“I heard almost universal agreement that economic empowerment for individuals and GLBT communities is critical. To work for yourself means you don’t worry daily about getting fired because you’ve been outed or someone ‘suspects something.’ The level of economic anxiety is extraordinarily high. Finding or funding programs for economic empowerment that not only sustain individuals but also build and strengthen communities is critical. When people can earn money they can better access health, experience a sense of dignity, and contribute to a sustainable movement.”
Straight Allies Placed At Peril
“There are very real risks, from reputation to livelihood to physical safety, just for being an Ally in Uganda. But Allies are indispensable in this work – they will be the tipping point in social change. Perhaps the greatest need is for Allies within the faith community. While there is a largely misplaced ‘African culture’ component to the anti-gay stigma in Uganda, the demonization of GLBT persons is really fomented by religious conviction. Faith-based Allies face some of the greatest danger because they dare to speak not simply from ‘mere emotion’ but from deeper convictions. They are perceived as betraying the faith. But, ultimately, change will require a recognition that there are other, more welcoming ways, to read the biblical story and to think theologically about sexuality.”
A Coherent Christian Theology for Queer Folk Needs Development in Uganda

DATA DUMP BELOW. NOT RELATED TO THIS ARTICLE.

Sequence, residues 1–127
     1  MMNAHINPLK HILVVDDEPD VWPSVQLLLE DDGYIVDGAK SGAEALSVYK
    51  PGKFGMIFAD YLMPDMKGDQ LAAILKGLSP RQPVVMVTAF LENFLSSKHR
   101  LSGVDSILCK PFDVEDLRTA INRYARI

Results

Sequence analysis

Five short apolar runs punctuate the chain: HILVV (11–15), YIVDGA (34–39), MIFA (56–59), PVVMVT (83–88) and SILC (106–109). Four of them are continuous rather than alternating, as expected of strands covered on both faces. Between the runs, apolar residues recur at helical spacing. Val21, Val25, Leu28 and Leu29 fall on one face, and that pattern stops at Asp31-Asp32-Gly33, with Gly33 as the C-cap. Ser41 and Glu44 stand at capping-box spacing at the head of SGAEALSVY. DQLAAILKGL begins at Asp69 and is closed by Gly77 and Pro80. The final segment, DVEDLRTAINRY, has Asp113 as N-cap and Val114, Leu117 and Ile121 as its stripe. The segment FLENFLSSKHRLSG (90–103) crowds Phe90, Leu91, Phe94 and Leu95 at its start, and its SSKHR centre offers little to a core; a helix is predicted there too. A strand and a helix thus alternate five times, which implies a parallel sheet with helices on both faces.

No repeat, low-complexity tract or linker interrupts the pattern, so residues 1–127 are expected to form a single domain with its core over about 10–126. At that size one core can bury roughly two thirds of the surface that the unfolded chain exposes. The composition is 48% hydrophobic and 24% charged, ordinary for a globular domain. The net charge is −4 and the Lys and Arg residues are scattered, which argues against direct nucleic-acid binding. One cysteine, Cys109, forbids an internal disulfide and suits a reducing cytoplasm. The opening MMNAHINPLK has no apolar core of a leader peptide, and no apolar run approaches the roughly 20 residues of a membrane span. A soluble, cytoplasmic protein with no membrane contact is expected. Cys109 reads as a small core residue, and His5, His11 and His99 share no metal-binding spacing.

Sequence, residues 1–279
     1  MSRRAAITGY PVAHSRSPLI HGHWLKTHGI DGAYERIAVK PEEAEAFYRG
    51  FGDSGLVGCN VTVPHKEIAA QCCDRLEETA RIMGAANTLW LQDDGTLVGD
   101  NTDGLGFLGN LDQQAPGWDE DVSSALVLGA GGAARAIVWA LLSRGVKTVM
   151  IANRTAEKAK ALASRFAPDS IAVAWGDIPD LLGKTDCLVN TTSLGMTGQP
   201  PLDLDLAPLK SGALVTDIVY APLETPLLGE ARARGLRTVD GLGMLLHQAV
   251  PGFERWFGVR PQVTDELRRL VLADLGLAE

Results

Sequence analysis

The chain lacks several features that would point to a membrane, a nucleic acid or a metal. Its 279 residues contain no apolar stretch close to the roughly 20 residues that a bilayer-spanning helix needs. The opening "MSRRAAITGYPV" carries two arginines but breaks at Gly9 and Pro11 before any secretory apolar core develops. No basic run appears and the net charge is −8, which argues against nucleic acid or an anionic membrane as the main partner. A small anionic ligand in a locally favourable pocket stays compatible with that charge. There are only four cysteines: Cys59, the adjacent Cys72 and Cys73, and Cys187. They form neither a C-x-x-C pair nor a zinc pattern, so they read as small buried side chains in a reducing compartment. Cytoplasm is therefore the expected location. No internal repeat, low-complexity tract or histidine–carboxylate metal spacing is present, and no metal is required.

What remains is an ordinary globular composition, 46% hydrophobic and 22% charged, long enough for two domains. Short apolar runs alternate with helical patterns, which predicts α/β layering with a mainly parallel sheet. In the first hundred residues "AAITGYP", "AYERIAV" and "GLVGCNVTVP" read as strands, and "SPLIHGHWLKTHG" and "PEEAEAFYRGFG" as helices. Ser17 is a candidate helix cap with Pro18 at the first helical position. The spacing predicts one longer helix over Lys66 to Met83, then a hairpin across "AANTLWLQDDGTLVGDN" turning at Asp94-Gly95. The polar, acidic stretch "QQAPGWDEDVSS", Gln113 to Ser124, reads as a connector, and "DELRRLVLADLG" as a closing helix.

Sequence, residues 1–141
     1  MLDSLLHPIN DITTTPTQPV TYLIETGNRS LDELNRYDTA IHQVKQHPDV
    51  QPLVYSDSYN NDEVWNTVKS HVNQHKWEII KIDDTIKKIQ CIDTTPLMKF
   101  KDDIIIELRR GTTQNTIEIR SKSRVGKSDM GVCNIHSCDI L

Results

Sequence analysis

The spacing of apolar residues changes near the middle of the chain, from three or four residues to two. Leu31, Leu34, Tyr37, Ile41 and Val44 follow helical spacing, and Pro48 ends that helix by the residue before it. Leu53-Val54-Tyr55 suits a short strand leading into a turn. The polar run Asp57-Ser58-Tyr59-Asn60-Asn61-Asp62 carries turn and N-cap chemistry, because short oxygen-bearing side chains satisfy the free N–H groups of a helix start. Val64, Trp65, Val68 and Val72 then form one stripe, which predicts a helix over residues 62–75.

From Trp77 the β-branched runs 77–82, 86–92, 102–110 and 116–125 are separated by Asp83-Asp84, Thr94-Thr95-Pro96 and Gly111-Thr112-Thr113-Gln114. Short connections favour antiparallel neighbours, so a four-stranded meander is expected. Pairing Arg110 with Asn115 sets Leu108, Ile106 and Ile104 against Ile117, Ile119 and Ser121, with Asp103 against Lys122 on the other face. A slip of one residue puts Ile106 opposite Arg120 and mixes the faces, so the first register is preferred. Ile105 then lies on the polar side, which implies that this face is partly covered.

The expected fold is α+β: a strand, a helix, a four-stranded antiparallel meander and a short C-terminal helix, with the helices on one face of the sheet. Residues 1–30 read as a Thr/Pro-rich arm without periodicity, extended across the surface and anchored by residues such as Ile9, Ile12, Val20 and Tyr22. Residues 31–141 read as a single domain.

“Indeed, most GLBT Ugandans harbor a deep personal faith summed up as: ‘God made me and God loves me’ but they lack any supportive faith community. And more than this, they lack a coherent theology that offers a picture–and an understanding–of God larger than their gut conviction. There is an unrecognized hunger for a framework that empowers them to see themselves not as exceptions to biblical rules but as one more example of characters loved by God who throughout the bibilical narrative loves and welcomes people otherwise marginalized by social prejudice. Right now they can barely imagine that’s even a possible perspective, but I believe gaining such a standpoint will be one of the most transformational moments in their struggle. Akin to King’s use of biblical imagery during the Civil Rights era, the GLBT community in Uganda will garner enormous strength when they realize that they have a place as beloved people within the Christian story.”
Transgender Fears and Anxieties
“I was struck by how much being transgender in Uganda requires embracing a profound sense of ambiguity. For the vast majority of trans Ugandans, hormones and surgery are not even wistful thoughts, and presenting as another gender is almost always dangerous and can easily be deadly if outed. The trans persons I spoke with were 100% certain of their gender identity and virtually 100% unable to pursue it in their lives. This isn’t even something they lament really. It is the way it is. One transman, in particular, struck me. Jay runs a small program called the Fem Alliance. He serves mostly rural women who identify as lesbian, bi, or trans, and he was very clear why HE does that: ‘I still have a woman’s body, and I probably always will. I know how dangerous it is to be a woman, so I want to make a difference for them.’ It was a fascinating embrace of ambiguity as a sort of providential given in a world where nothing can be taken for granted.”
Notes: In 2011 Lavender ran the ‘Uganda: An Overview’ Series. Read it again: Part 1 and Part 2. Find out more about Wingspan and David R. Weiss at www.stpaulref.org/wingspan_info and www.tothetune.wordpress.com